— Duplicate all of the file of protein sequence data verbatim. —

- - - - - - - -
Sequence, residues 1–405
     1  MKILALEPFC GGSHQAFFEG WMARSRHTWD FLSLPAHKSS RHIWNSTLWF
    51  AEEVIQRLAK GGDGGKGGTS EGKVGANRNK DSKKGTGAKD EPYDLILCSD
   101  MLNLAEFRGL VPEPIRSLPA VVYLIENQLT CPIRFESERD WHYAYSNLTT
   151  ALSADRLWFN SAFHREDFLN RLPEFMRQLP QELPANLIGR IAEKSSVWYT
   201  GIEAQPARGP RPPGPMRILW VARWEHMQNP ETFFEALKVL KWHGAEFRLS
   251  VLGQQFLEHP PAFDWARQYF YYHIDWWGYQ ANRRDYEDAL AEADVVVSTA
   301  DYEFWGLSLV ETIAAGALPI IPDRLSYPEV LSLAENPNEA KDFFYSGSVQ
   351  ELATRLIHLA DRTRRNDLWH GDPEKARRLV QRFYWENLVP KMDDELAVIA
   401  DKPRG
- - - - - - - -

Sequence, residues 1–405
     1  MKILALEPFC GGSHQAFFEG WMARSRHTWD FLSLPAHKSS RHIWNSTLWF
    51  AEEVIQRLAK GGDGGKGGTS EGKVGANRNK DSKKGTGAKD EPYDLILCSD
   101  MLNLAEFRGL VPEPIRSLPA VVYLIENQLT CPIRFESERD WHYAYSNLTT
   151  ALSADRLWFN SAFHREDFLN RLPEFMRQLP QELPANLIGR IAEKSSVWYT
   201  GIEAQPARGP RPPGPMRILW VARWEHMQNP ETFFEALKVL KWHGAEFRLS
   251  VLGQQFLEHP PAFDWARQYF YYHIDWWGYQ ANRRDYEDAL AEADVVVSTA
   301  DYEFWGLSLV ETIAAGALPI IPDRLSYPEV LSLAENPNEA KDFFYSGSVQ
   351  ELATRLIHLA DRTRRNDLWH GDPEKARRLV QRFYWENLVP KMDDELAVIA
   401  DKPRG